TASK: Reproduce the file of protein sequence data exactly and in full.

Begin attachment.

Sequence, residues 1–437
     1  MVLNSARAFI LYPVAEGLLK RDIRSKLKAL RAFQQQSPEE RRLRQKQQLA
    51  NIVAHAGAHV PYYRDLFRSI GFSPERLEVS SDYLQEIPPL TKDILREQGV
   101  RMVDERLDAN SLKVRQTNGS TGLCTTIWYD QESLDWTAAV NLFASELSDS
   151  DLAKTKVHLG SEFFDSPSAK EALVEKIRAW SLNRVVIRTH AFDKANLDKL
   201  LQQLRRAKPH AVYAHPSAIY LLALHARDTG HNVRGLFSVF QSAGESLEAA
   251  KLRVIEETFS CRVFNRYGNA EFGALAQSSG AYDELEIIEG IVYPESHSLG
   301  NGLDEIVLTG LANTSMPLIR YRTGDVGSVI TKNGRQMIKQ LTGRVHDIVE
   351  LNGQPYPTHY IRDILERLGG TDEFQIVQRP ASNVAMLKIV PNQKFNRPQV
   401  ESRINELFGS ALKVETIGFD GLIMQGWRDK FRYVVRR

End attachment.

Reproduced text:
Sequence, residues 1–437
     1  MVLNSARAFI LYPVAEGLLK RDIRSKLKAL RAFQQQSPEE RRLRQKQQLA
    51  NIVAHAGAHV PYYRDLFRSI GFSPERLEVS SDYLQEIPPL TKDILREQGV
   101  RMVDERLDAN SLKVRQTNGS TGLCTTIWYD QESLDWTAAV NLFASELSDS
   151  DLAKTKVHLG SEFFDSPSAK EALVEKIRAW SLNRVVIRTH AFDKANLDKL
   201  LQQLRRAKPH AVYAHPSAIY LLALHARDTG HNVRGLFSVF QSAGESLEAA
   251  KLRVIEETFS CRVFNRYGNA EFGALAQSSG AYDELEIIEG IVYPESHSLG
   301  NGLDEIVLTG LANTSMPLIR YRTGDVGSVI TKNGRQMIKQ LTGRVHDIVE
   351  LNGQPYPTHY IRDILERLGG TDEFQIVQRP ASNVAMLKIV PNQKFNRPQV
   401  ESRINELFGS ALKVETIGFD GLIMQGWRDK FRYVVRR